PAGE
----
APAP’S Conference Takeaways

Last week I mentioned some of my experiences at the Association of Performing Arts Professionals (APAP) conference.  The conference recently sent out a list of 10 takeaways for their own. The vast majority of them are focused on topics of striving for healthier work environments and practices with the goal of alleviating stress and unhealthy expectations of oneself and others.  That is probably a good indication about where things generally stand with arts organizations and practitioners across the country.

APAP cites a session panelist who reported:

Ryan George of Tour Health Research Initiative shared statistics from a 2019 study from the Journal of Psychiatric Research, “34% of touring professionals reported suffering from clinical levels of depression, five times higher than the regular population. 27% reported clinical levels of anxiety. Only 8% reported attending weekly therapy, and 73% attended no therapy at all. 83% reported feeling overworked or some degree of burnout. 26% reported serious suicide ideation, six and a half times more than the regular population….

The takeaway list also mentioned the ongoing effort to more formally track compensation practices among presenting organizations. There had been some crowdsourced efforts in the past where people were self-reporting data into shared spreadsheets. But that was limited by the fact that you needed to know about the effort and receive a link to the spreadsheet.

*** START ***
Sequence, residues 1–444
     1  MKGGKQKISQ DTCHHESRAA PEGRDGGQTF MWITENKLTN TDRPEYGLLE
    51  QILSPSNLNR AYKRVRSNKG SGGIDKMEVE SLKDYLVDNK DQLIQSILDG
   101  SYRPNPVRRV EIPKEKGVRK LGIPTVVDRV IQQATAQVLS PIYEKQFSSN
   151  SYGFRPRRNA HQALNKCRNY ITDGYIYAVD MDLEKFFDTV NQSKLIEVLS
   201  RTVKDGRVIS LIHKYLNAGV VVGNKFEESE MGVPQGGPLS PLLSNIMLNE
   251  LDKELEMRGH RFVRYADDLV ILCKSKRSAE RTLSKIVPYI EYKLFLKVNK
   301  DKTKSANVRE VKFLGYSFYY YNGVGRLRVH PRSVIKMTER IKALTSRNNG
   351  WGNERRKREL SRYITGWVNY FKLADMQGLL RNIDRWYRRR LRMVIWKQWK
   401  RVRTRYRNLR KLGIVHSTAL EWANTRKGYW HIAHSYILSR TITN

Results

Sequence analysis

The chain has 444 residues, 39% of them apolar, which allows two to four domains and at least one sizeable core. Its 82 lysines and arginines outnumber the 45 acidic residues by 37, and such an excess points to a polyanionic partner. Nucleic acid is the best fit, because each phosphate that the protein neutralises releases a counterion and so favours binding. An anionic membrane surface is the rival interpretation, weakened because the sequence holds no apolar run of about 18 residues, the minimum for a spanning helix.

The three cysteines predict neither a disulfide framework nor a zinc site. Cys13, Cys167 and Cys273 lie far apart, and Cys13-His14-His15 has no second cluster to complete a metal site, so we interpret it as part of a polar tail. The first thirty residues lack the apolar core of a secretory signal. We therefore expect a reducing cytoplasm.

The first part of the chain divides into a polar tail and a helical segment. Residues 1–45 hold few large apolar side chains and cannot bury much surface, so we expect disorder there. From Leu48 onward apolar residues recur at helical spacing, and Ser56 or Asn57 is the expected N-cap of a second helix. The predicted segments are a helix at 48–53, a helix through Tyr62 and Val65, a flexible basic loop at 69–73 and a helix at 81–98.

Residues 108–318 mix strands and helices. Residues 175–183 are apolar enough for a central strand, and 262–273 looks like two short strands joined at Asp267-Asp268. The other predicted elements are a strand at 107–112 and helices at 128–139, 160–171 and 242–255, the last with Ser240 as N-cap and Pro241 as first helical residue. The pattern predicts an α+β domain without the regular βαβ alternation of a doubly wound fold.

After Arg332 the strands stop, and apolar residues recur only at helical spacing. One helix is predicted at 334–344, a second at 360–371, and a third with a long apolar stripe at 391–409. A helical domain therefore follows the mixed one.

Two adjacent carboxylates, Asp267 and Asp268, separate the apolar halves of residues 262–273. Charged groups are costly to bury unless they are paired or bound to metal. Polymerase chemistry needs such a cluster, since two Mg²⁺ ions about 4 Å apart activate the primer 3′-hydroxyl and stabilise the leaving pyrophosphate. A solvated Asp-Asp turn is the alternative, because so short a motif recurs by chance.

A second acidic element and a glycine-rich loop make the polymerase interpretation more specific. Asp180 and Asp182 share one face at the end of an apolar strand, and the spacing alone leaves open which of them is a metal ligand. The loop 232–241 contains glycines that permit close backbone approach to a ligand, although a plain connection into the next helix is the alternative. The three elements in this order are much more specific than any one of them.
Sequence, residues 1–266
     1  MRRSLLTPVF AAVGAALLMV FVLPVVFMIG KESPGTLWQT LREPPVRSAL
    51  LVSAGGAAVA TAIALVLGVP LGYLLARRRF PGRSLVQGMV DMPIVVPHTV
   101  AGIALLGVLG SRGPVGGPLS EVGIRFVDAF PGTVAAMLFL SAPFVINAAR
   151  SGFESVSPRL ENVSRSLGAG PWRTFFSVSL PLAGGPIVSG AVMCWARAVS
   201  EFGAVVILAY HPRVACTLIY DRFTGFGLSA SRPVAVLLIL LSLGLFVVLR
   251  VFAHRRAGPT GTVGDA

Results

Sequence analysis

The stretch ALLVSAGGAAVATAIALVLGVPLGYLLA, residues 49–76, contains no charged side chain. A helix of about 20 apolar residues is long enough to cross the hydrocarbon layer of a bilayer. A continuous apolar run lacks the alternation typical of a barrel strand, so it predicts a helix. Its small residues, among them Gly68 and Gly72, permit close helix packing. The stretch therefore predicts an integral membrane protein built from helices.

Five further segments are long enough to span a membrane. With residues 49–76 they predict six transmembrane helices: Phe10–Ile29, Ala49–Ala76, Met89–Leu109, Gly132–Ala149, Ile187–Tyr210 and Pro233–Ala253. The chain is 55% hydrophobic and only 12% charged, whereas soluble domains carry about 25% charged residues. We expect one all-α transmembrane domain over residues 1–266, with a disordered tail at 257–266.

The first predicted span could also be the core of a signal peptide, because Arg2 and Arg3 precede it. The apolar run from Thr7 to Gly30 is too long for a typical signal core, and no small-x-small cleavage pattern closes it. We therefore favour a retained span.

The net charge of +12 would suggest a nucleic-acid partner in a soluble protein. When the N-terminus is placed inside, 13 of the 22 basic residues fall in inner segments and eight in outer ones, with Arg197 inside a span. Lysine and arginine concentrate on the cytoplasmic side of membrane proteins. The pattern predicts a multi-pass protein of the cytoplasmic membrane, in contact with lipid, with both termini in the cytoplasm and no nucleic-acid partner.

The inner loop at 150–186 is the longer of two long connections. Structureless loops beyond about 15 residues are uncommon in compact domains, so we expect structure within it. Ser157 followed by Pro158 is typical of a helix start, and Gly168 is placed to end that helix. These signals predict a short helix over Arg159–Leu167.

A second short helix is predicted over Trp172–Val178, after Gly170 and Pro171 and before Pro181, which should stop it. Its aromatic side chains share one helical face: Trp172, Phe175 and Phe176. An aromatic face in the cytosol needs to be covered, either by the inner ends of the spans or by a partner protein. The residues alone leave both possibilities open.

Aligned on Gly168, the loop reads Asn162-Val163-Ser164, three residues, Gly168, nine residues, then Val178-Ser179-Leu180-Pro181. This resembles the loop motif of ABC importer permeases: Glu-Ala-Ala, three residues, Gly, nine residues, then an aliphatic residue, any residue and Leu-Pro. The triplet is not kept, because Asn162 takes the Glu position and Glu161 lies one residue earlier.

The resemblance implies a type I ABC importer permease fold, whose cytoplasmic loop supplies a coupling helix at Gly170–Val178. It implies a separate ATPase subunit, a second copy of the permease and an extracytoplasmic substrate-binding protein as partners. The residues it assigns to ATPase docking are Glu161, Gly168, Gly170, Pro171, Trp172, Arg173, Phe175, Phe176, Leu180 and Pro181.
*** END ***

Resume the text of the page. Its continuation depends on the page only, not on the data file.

They provided information about the effort with a link to submit a request to join the next phase of the survey:

In fall 2022, APAP with AMS Analytics launched a pilot of a first-of-its-kind, industry-specific initiative and tool that will gather comparative compensation and demographic data in the field. The session “A Look at Industry Pay: Piloting the APAP Arts Compensation Project” gave an overview for the project, data from the 67 presenting organizations that participated in the pilot study, and an invitation to join the next phase of the survey.

These are only two of the ten takeaways. You can find the others here.

About Joe Patti

I have been writing Butts in the Seats (BitS) on topics of arts and cultural administration since 2004 (yikes!). Given the ever evolving concerns facing the sector, I have yet to exhaust the available subject matter. In addition to BitS, I am a founding contributor to the ArtsHacker (artshacker.com) website where I focus on topics related to boards, law, governance, policy and practice.

I am also an evangelist for the effort to Build Public Will For Arts and Culture being helmed by Arts Midwest and the Metropolitan Group. (http://www.creatingconnection.org/about/)

My most recent role was as Executive Director of the Grand Opera House in Macon, GA.

Among the things I am most proud are having produced an opera in the Hawaiian language and a dance drama about Hawaii's snow goddess Poli'ahu while working as a Theater Manager in Hawaii. Though there are many more highlights than there is space here to list.


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